Now, for some paint! 😀

  12. What a fabulous and amazing transformation of your kitchen. And may I just add that you are an inspiration and totally rock……….HGTV should give you your own show! I can’t wait to see what else you have in store for your home.

  13. Kristi…Great job on the countertops. I’ve been stalking your blog lately..eagerly anticipating your blog posts. You are truly an inspiration. Can’t wait to see the cabinets painted.

  14. AWESOME – you did a heck of a job! So glad to see that the patch ended up working out! Concrete is almost like a natural stone anyway – and as time goes on, it may absorb a bit of oils and colors here and there JUST like Granite & Marble does. So the slight color change of the bump,,,is probably almost going to blend even more as you get color added to the rest of the kitchen and start using it

    Can’t wait for you to have a SINK installed soon!!! Are you still going with the white sink you got at Habitat? We went with a BEAUTIFUL Red Sink in our kitchen and it is my MOST favorite thing that we did (even though I got MASSIVE backlash from family members — “Eww you got a RED sink” – “What happens when you get tired of the red in a year?”
    Well first of all, it isn’t their sink or kitchen – second – its a sink if I get tired of it an five years I can replace it – I only paid $200. for it anyway,,, not a thousand!

    So, I was just wondering if you thought of a different color sink now that you have ‘white’ counters! And will have white subway tile in the back splashes.


    Keep it up – you are gonna be “cooking with gas” before you know it! LOL

    Have you thought about a “first cooked meal”? (I know how you feel about cooking – but I didn’t know if you have a wild fantasy of cooking a meal after it gets finished!) 😀

    1. I’m sticking with the white sink since it’ll go with the white refrigerator, range, and dishwasher. Plus, I don’t want anything competing with my green cabinets. 🙂

      I’m not much of one for thinking and dreaming about cooking. It would be more like me to think and dream of what excuse I’ll use so that I don’t have to cook once I have a fully functional kitchen and no more excuses. 😀

  15. Kristi, thank you for a beautiful job, both in your kitchen and on your blog! I predict that scores if not hundreds of spouses will be shown this post. i know my spouse will see it! I look forward to your next “whole kitchen” pics!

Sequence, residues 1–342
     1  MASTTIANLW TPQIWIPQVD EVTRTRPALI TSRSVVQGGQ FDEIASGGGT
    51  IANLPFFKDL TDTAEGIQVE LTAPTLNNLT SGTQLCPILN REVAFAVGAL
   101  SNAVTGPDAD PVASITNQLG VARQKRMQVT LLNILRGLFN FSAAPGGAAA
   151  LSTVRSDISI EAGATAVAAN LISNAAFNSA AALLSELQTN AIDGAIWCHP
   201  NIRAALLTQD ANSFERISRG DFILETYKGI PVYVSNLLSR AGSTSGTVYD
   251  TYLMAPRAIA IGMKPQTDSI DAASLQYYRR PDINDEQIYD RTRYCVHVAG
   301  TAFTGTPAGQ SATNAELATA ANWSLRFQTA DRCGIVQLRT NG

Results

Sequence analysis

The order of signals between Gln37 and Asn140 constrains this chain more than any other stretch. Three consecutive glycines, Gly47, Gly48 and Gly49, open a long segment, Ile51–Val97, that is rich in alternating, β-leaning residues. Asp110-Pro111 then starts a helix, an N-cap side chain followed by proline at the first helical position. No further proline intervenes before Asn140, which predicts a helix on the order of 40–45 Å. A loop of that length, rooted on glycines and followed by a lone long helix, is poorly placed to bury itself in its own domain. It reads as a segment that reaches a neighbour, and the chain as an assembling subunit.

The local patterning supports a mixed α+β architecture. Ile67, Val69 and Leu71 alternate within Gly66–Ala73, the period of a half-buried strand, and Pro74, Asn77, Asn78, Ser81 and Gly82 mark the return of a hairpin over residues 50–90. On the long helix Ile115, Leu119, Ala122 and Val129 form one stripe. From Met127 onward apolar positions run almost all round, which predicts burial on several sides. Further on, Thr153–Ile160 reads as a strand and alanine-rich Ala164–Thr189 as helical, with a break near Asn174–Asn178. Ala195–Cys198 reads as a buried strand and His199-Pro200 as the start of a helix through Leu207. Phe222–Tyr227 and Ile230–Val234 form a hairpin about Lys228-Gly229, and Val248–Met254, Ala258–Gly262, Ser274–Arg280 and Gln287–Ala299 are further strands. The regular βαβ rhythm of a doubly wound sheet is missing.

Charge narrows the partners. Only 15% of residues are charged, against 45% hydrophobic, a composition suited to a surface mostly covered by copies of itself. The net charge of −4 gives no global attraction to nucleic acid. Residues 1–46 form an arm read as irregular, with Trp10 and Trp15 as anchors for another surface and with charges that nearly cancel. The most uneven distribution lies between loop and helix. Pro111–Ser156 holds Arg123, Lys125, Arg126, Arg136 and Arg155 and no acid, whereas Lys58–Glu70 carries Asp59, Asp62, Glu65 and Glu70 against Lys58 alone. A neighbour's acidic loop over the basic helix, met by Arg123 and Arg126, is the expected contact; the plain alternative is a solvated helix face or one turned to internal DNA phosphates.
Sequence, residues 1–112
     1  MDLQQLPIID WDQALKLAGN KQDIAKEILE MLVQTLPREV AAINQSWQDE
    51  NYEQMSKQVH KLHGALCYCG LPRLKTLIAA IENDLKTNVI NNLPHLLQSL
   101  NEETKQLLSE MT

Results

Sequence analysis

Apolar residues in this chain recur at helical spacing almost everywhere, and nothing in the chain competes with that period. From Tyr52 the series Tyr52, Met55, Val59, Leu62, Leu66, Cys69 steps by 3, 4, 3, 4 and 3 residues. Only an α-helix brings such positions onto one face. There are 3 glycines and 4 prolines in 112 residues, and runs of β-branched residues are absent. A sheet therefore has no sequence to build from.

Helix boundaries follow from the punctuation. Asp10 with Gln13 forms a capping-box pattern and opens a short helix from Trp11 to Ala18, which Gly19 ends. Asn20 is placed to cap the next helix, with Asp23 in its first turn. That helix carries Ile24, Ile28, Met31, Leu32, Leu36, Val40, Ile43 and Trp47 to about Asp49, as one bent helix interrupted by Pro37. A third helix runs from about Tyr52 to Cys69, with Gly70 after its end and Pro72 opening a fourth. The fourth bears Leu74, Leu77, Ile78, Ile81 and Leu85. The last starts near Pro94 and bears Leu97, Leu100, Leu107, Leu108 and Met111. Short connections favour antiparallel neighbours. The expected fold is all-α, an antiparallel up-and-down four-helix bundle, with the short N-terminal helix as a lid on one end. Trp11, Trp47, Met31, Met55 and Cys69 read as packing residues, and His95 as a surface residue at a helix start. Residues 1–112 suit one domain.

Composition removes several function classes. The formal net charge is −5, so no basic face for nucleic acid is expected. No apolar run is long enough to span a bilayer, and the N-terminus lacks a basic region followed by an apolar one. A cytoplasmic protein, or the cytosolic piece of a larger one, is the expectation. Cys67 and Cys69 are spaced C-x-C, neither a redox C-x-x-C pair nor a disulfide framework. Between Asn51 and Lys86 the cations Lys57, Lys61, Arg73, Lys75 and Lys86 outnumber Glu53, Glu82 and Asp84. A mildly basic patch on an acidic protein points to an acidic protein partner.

1. I am one of those women who will b showing this to my hubby!! I’ve seen different styles an types an colors of concrete counters this is my fav! ! Cheers…here’s to a gorgeous job!!

  16. They look gorgeous and you did a great job! I’m just wondering though, for those of us who would not be given free products (because we aren’t bloggers) how much would the total cost be? And, would there be any significant savings over a medium grade granite?

  17. Interesting. I wonder how often the counters will have to be sealed and how stain resistant they will be.

    1. They’ll need to be resealed about once very year or two, depending on the amount of use they get.

      As far as the stain resistance of the sealer I used, you can check out this video:

  18. Looks amAzing!!!! But since I don’t have a brother, father, uncle or nephew who could do this for free (!) I think I’m going to have to cross this off my DIY counter list. But seriously, I think these are the best DIY concrete counters I’ve ever seen!!!

    1. Don’t cross it off just yet! I know there are handymen in my area (retired men who don’t want to just do nothing in their retirement) who are incredibly inexpensive, and who could help with something like this. Like I said, mixing, pouring, and screeding the ten bags of concrete for the peninsula took my brother and me one hour. Even if I was paying a handyman an hourly rate to help me, I’d only be out about $100 at the most for all four countertops.

  19. Wow – what a great solution. And thanks for sharing all the trials, tribulations and successes with us. You rock!